Sanghavi’s team wanted to address this problem for heart attacks. They found they could reliably determine someone’s 10-year risk of having a heart attack based on a simple risk profile. Rather than monitoring patients’ cholesterol, blood pressure, weight, and other individual factors, the team took the average 10-year risk across entire provider panels, then made providers responsible for controlling those populations.
“Every percentage point you lower that risk, by hook or by crook, you get some people to stop smoking, you get some people on cholesterol medication. It’s patient-centered decision-making, and the provider then makes money. This is the world’s first predictive analytic model, at scale, that’s actually being paid for at scale,” he said.
3. Aligned Incentives
If hospitals are held accountable for the health of the communities they’re based in, those hospitals need to have the right incentives to follow through. “Hospitals have to spend money on community benefit, but linking that benefit to a meaningful population health metric can catalyze significant improvements,” Sanghavi said.
Darshak Sanghavi speaking at Singularity University’s 2017 Exponential Medicine Summit in San Diego, CA.
He used smoking cessation as an example. His team designed a program where hospitals were given a score (determined by the Centers for Disease Control and Prevention) based on the smoking rate in the counties where they’re located, then given monetary incentives to improve their score. Improving their score, in turn, resulted in better health for their communities, which meant fewer patients to treat for smoking-related health problems.
4. Social Determinants of Health
Social determinants of health include factors like housing, income, family, and food security. The answer to getting people to pay attention to these factors at scale, and creating aligned incentives, Sanghavi said, is “Very simple. We just have to measure it to start with, and measure it universally.”
His team was behind a $157 million pilot program called Accountable Health Communities that went live this year. The program requires all Medicare and Medicaid beneficiaries get screened for various social determinants of health. With all that data being collected, analysts can pinpoint local trends, then target funds to address the underlying problem, whether it’s job training, drug use, or nutritional education. “You’re then free to invest the dollars where they’re needed…this is how we can improve health at scale, with very simple changes in the incentive structures that are created,” he said.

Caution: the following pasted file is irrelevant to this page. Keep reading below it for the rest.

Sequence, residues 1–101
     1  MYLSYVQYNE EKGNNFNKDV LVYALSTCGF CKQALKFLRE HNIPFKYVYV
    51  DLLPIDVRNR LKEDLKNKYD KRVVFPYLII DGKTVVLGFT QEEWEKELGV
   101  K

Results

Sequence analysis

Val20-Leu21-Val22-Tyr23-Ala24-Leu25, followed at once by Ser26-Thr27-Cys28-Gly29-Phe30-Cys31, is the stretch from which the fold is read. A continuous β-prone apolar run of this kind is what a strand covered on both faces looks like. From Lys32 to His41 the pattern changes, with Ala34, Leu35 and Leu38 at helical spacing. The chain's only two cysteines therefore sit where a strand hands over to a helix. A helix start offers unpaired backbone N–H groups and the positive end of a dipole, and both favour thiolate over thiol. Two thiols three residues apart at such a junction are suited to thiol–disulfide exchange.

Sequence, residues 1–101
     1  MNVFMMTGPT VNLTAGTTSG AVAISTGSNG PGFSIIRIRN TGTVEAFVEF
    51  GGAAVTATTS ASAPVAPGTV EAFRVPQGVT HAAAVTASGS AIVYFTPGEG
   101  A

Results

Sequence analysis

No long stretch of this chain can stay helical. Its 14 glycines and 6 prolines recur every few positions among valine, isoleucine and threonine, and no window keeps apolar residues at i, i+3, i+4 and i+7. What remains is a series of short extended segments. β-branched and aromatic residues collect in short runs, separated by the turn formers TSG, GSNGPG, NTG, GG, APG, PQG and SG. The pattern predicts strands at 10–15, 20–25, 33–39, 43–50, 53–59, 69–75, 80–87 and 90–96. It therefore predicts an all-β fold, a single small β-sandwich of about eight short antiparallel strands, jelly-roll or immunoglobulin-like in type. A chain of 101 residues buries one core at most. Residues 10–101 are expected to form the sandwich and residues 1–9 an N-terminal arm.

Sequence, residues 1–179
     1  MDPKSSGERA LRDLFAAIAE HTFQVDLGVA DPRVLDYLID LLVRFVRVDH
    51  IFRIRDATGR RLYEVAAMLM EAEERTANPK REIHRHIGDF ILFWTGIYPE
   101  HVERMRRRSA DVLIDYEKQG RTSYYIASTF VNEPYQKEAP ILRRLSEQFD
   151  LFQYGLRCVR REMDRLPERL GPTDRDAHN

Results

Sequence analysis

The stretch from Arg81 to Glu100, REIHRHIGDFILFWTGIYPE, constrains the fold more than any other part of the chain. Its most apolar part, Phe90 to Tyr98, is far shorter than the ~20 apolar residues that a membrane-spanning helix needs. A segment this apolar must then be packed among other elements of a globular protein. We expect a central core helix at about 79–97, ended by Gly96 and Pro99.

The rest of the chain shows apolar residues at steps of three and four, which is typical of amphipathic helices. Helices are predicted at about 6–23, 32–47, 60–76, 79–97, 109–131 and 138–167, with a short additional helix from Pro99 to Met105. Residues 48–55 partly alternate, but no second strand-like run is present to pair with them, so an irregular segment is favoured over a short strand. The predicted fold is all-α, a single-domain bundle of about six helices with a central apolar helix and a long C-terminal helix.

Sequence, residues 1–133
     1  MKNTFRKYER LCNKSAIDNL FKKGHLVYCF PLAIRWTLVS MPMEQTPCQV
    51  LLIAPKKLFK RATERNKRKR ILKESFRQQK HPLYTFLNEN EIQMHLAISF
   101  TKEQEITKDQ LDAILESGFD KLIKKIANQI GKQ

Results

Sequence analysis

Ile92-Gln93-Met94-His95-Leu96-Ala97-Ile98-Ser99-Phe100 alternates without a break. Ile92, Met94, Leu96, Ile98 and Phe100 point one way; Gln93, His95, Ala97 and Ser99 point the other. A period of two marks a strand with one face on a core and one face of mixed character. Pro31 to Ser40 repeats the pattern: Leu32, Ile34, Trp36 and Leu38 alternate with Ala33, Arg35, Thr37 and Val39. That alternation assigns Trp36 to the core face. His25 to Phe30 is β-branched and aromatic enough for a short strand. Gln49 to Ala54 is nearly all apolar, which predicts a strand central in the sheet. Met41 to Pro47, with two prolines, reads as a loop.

5. ‘Securitizing’ Public Health
Sanghavi’s final point tied back to his discussion of aligning incentives. As misguided as it may seem, the reality is that financial incentives can make a huge difference in healthcare outcomes, from both a patient and a provider perspective.
Sanghavi’s team did an experiment in which they created outcome benchmarks for three major health problems that exist across geographically diverse areas: smoking, adolescent pregnancy, and binge drinking. The team proposed measuring the baseline of these issues then creating what they called a social impact bond. If communities were able to lower their frequency of these conditions by a given percent within a stated period of time, they’d get paid for it.
“What that did was essentially say, ‘you have a buyer for this outcome if you can achieve it,’” Sanghavi said. “And you can try to get there in any way you like.” The program is currently in CMS clearance.
AI and Robots Not Required
Using robots to perform surgery and artificial intelligence to diagnose disease will undoubtedly benefit doctors and patients around the US and the world. But Sanghavi’s talk made it clear that our healthcare system needs much more than this, and that improving population health on a large scale is really a low-tech project—one involving more regulatory and financial innovation than technological innovation.
“The things that get measured are the things that get changed,” he said. “If we choose the right outcomes to predict long-term benefit, and we pay for those outcomes, that’s the way to make progress.”
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#431385 Here’s How to Get to Conscious ...

“We cannot be conscious of what we are not conscious of.” – Julian Jaynes, The Origin of Consciousness in the Breakdown of the Bicameral Mind
Unlike the director leads you to believe, the protagonist of Ex Machina, Andrew Garland’s 2015 masterpiece, isn’t Caleb, a young programmer tasked with evaluating machine consciousness. Rather, it’s his target Ava, a breathtaking humanoid AI with a seemingly child-like naïveté and an enigmatic mind.
Like most cerebral movies, Ex Machina leaves the conclusion up to the viewer: was Ava actually conscious? In doing so, it also cleverly avoids a thorny question that has challenged most AI-centric movies to date: what is consciousness, and can machines have it?
Hollywood producers aren’t the only people stumped. As machine intelligence barrels forward at breakneck speed—not only exceeding human performance on games such as DOTA and Go, but doing so without the need for human expertise—the question has once more entered the scientific mainstream.
Are machines on the verge of consciousness?